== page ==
Abstract

The heterogeneous prognosis of patients with intermediate-risk cytogenetics AML (AML-IR) can be partially clarified by screening of NPM1 mutations (NPMmut) and internal tandem duplication of FLT3 (FLT3-ITD). Nonetheless, additional factors might influence the prognostic effect of these molecular lesions, such as the FLT3-ITD mutant level. Moreover, the optimal post-remission strategy might differ depending on the underlying molecular lesion. In this regard, we analyzed the outcome, according to NPM1 and FLT3 mutations and post-remission therapy given, of a series of patients diagnosed with de novo AML-IR in a single institution who received intensive chemotherapy. Patients were treated following 4 sequential protocols of CETLAM group during the period 1994–2006, consisting of 1 or 2 cycles of standard induction chemotherapy and 1 course of high-dose cytarabine-based consolidation therapy. Thereafter, patients underwent hematopoietic stem cell transplantation (HSCT) according to donor availability and presumed risk (protocols LAM 99 & 2003). NPM1 mutations and FLT3-ITD were screened in diagnostic DNA by PCR amplification followed by Genescan analysis. The ratio between FLT3-ITD and wildtype FLT3 alleles (ITD/wt ratio) was calculated using the area under the peak of corresponding alleles. Overall, 134 patients (51% male; median age, 53; range: 17–70) with AML-IR (normal karyotype, 66%) were studied. NPM1mut and FLT3-ITD were found in 45% and 37% of patients, respectively, with a median ITD/wt ratio of 0.59 (0.045–5.5). After induction regimen, 109 patients (81%) achieved complete response (CR). The only variables predictive of a favorable response were NPMmut (90% vs. 75%; p=0.01) and age <60 (85% vs. 72.5%; p=0.05). After a median follow-up of 69 months, relapse risk (RR) at 5 years was 54% (±5%). RR was higher in patients presenting with hyperleukocytosis (>50 × 109/L), NPMwt, and FLT3-ITD. Interestingly, the prognostic value of FLT3-ITD depended on the relative mutant level, and detection of FLT3-ITD with a low ITD/wt ratio (i.e.,<0.3) did not increase the risk conferred by underlying NPM1 mutational status. In accordance, a composite variable based on NPMmut and quantitative FLT3-ITD was created defining 2 prognostic categories: a low-risk group (LOWmol), constituted by patients with NPMmut and either absence of FLT3-ITD or low ITD/wt ratio, and a high-risk subset (HIGHmol), defined by the absence of NPMmut and/or high ITD/wt ratio. This molecular stratification showed independent prognostic value for RR (5-year RR: 24%±10% vs. 81%±7 in LOWmol vs. HIGHmol patients, respectively; p<0.001), and survival (OS; relative risk: 2.8, 95% CI:1.6-5, p<0.001; figure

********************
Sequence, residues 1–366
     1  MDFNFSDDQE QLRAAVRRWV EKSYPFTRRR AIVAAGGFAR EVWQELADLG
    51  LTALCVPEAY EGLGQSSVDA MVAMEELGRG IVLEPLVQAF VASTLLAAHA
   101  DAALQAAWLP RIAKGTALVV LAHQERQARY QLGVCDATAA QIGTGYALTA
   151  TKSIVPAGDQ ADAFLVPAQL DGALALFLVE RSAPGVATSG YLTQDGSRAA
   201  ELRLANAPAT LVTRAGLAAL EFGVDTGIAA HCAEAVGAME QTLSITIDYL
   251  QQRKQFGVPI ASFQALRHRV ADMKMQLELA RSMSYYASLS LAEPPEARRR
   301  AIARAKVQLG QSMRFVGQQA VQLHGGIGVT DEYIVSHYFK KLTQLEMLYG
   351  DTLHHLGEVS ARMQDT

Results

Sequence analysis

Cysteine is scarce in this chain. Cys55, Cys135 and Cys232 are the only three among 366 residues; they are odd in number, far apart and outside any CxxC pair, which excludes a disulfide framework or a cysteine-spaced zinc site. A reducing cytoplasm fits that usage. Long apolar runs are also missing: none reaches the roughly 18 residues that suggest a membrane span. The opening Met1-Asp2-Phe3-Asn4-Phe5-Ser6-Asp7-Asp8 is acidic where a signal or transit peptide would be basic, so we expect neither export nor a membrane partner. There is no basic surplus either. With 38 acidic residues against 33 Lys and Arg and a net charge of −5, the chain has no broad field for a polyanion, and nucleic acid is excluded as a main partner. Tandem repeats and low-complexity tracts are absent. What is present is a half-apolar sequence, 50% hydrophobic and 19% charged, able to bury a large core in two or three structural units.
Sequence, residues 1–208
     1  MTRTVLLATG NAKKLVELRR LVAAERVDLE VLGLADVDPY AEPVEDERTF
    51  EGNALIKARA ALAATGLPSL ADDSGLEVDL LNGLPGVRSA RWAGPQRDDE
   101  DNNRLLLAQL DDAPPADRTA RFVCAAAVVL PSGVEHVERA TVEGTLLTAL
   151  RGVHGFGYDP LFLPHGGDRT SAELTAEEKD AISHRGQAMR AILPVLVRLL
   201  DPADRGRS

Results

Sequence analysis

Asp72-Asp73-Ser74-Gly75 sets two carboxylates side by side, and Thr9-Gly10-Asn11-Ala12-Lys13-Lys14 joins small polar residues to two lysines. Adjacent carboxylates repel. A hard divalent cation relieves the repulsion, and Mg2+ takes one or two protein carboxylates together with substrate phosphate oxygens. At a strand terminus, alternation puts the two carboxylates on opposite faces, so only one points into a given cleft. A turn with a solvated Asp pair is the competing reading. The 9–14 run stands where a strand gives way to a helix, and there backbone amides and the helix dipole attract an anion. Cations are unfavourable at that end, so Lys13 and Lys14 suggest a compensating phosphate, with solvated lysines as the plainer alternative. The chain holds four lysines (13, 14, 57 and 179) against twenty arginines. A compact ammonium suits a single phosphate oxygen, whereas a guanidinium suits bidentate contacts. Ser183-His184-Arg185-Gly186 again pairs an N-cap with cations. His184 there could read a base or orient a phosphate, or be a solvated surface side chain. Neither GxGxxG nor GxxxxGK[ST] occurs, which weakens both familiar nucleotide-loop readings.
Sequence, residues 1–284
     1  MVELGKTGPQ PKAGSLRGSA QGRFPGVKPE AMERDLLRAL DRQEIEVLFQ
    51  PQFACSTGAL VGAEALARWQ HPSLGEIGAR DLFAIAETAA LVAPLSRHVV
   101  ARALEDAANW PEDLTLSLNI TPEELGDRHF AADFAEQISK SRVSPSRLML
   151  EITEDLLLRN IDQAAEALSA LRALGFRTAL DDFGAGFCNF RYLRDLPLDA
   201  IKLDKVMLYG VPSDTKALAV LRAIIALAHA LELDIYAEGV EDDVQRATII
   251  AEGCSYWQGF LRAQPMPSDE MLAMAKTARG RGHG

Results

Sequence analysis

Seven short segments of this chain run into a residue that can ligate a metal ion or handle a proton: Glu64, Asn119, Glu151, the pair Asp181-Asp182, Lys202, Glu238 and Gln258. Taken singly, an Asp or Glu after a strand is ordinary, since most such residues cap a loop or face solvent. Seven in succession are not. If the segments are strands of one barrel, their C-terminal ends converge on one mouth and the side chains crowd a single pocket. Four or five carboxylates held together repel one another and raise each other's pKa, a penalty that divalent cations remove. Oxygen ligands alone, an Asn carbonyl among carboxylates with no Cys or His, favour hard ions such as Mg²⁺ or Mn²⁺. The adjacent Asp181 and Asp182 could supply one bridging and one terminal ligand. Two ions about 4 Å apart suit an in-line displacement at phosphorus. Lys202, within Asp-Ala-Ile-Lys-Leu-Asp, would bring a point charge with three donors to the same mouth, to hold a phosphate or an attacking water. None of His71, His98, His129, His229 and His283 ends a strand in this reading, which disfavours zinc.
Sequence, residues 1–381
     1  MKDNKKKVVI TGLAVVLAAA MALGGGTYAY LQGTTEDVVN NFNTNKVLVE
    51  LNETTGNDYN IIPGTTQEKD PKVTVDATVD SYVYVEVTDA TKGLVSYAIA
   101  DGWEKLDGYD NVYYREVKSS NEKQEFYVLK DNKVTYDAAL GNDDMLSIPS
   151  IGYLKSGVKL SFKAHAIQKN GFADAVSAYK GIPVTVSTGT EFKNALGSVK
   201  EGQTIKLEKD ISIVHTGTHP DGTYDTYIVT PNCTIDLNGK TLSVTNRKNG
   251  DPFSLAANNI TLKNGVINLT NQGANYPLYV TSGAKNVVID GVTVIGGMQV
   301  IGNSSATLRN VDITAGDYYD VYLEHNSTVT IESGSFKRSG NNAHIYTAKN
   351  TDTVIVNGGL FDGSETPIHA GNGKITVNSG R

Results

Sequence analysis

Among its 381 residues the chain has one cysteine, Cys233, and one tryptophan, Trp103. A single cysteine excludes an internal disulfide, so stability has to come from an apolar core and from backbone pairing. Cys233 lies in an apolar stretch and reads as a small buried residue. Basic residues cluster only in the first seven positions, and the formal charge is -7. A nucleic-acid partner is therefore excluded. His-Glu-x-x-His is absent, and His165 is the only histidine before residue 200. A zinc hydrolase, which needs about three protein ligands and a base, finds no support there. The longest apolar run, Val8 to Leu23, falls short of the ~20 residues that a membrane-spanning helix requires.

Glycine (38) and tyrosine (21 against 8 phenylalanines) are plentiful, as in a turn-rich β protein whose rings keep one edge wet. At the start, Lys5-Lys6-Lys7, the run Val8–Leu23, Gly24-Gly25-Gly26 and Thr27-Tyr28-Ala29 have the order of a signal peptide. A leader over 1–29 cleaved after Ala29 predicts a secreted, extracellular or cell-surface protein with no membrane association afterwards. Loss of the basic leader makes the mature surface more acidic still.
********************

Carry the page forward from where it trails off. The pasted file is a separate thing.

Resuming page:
1. Moreover, the effect of post-remission therapy varied in both molecular-defined subgroups. Thus, among patients with an age ≤60, 5-year survival in LOWmol patients with a planned autologous HSCT (autoHSCT) was 83%±9%, not differing significantly from that of patients undergoing allogeneic HSCT (intention-to-treat analysis; figure

  2. On the other hand, 5-year OS of HIGHmol patients who underwent allogeneic HSCT in first CR was 73%±13, which compared favorably with other post-remission strategies (5-yr OS: 27%±7%; p=0.019).

In conclusion, in patients with intermediate-risk AML, the combined assessment of NPM1 mutations and quantitative estimation of FLT3-ITD allows the distinction of 2 categories of patients with different prognosis. Thus, whereas autoHSCT arises as an effective postremission therapy in patients harboring low-risk molecular features, allogeneic HSCT in first CR seems to overcome adverse prognosis of patients with high-risk disease.

Nonetheless, the validity of this molecularly-based therapeutic algorithm warrants confirmation in other studies.

Disclosures: No relevant conflicts of interest to declare.

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